Environment

Recent Posts

Measure strips $1B in bonded projects off of CT’s credit card

Gampel Pavilion at UConn

The Senate voted late Thursday rebalance Connecticut’s credit card in the face of shrinking tax revenues, canceling or delaying about $1 billion in financing for a wide array of projects and programs, and to authorize $380 for municipal school construction, down significantly from recent years. Continue Reading →

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Green Bank raid upsets business, environmental communities

Solar panels

The raid on the Green Bank and other clean energy programs to help plug the state's huge budget deficit is bringing together groups often at odds. Environmentalists and business interests, including the state's most prominent business lobby, agree the raid is a bad idea. Continue Reading →

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CT Senate passes bill to stabilize revenues in nuclear industry

Millstone nuclear power station in Waterford

A national campaign by the nuclear industry to stabilize profits in a volatile energy market scored a victory Friday night with the unanimous passage of bipartisan legislation changing the rules for procuring electricity in Connecticut, a state heavily reliant on nuclear power. Continue Reading →

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CT’s maxed-out credit card takes its toll on many projects

Gampel Pavilion at UConn

The General Assembly is expected to vote before it adjourns May 4 on a plan that would cancel more than $1.1 billion in financing earmarked for an enormous array of purposes in both the public and private sectors, including renovating the leaking, flaking dome of UConn's Gampel Pavilion. Continue Reading →

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Could CT see another wave of sprawl?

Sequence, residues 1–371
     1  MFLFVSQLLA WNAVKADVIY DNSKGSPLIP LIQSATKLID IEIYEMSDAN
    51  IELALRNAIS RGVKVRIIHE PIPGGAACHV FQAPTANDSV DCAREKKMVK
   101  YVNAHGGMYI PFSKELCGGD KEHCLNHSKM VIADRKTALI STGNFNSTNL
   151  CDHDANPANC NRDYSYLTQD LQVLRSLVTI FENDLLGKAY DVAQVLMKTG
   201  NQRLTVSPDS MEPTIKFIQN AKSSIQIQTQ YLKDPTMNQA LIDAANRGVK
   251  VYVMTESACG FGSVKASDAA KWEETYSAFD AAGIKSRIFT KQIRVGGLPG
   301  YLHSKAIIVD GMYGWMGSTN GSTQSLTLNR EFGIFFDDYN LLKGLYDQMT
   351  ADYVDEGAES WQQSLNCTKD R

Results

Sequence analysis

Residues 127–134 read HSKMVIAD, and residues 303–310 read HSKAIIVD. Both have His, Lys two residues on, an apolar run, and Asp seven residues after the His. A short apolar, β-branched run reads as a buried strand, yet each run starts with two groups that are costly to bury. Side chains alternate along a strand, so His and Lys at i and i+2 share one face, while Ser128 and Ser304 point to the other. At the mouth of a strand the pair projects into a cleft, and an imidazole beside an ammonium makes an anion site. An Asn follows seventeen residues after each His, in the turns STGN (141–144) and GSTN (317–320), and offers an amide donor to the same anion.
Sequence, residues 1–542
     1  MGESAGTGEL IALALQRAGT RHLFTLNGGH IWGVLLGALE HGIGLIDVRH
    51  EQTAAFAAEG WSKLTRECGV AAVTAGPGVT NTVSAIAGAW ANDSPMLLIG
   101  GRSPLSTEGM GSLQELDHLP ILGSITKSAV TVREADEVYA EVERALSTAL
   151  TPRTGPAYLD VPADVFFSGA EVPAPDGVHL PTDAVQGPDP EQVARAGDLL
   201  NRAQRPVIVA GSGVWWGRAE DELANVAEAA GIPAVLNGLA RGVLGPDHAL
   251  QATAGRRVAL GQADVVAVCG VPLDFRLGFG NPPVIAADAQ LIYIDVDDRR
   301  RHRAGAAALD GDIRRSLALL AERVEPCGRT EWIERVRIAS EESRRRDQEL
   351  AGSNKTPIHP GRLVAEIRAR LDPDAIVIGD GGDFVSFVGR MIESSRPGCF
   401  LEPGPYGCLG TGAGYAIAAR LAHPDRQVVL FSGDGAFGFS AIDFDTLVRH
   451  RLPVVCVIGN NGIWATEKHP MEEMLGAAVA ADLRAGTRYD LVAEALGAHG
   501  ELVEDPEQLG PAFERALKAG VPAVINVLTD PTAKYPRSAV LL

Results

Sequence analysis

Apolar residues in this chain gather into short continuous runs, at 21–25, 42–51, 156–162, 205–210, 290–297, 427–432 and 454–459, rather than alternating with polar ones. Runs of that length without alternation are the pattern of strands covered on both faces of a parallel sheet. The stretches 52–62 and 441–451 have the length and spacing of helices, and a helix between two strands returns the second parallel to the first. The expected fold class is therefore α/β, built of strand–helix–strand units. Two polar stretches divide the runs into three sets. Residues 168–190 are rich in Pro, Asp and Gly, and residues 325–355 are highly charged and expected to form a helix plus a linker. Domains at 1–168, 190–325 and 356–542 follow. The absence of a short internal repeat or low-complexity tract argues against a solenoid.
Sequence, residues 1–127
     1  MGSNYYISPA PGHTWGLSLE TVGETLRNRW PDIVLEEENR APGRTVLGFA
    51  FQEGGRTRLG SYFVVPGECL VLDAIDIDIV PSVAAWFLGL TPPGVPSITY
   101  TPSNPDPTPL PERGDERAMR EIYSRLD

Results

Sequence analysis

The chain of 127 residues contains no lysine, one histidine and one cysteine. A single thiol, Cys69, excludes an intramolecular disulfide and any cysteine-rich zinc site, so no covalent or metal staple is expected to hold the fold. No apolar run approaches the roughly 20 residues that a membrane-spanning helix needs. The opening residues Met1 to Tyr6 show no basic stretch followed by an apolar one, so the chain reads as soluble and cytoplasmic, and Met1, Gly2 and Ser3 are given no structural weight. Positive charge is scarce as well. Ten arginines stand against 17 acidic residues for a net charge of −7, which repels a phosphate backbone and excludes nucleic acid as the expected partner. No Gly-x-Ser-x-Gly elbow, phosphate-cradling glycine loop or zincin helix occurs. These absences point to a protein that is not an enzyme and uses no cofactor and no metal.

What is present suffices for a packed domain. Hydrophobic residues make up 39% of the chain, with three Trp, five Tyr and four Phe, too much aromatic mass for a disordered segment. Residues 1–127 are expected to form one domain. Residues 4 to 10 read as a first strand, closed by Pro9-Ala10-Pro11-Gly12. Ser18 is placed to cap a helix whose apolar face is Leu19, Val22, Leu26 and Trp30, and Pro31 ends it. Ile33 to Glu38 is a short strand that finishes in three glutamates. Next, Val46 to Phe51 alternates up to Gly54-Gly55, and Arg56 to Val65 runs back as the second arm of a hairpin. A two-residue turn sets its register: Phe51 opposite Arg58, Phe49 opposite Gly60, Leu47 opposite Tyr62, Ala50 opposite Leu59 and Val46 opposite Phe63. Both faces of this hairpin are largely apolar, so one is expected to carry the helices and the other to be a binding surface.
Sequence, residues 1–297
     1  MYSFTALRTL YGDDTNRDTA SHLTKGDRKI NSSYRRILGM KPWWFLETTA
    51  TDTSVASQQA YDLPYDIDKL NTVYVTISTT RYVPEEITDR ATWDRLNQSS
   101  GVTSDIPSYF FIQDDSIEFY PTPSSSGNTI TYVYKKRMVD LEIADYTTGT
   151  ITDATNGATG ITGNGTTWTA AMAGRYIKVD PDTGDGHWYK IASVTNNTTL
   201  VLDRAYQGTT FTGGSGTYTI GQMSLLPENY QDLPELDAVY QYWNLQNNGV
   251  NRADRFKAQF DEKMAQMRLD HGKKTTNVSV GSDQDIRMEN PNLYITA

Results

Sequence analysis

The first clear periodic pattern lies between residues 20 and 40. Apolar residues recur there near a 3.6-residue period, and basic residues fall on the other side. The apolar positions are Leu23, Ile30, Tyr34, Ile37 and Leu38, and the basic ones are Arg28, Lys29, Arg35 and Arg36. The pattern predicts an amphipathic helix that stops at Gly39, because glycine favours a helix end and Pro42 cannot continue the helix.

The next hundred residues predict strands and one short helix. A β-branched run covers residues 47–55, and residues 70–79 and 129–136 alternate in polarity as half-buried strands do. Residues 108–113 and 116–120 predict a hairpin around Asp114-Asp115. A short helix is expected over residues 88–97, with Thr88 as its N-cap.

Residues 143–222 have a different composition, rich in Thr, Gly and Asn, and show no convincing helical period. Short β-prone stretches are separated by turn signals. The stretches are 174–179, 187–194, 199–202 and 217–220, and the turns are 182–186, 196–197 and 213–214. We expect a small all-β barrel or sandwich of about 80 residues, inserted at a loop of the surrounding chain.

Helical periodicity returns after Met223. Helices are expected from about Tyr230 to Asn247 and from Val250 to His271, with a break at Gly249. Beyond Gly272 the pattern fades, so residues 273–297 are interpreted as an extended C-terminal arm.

Residential development near the mouth of the Connecticut River.

The Great Recession slowed sprawl — low-density, auto-centric, poorly planned development — to a crawl. But now the downturn has grudgingly turned around, and development is ramping up. Does this mean the state’s remaining undeveloped areas will be hit with another wave of sprawl? Continue Reading →

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Recycling food waste in Connecticut: Slow as molasses

A rendering of the Quantum Biopower anaerobic digester proposed for Southington.

Five years after legislative initiatives designed to do something about the large amount of food waste in Connecticut's trash, very little has been implemented, and the food waste problem is getting bigger. A lot bigger. Continue Reading →

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Most CT schools don’t test water for lead, but that could change

Drinking at a water fountain.

WASHINGTON – Most of Connecticut’s more than 1,000 schools and child care centers don’t have to test their water for lead under federal or state laws. But the tragedy in Flint, Mich., has spawned a number of proposals to better combat lead contamination in schools and elsewhere. Continue Reading →

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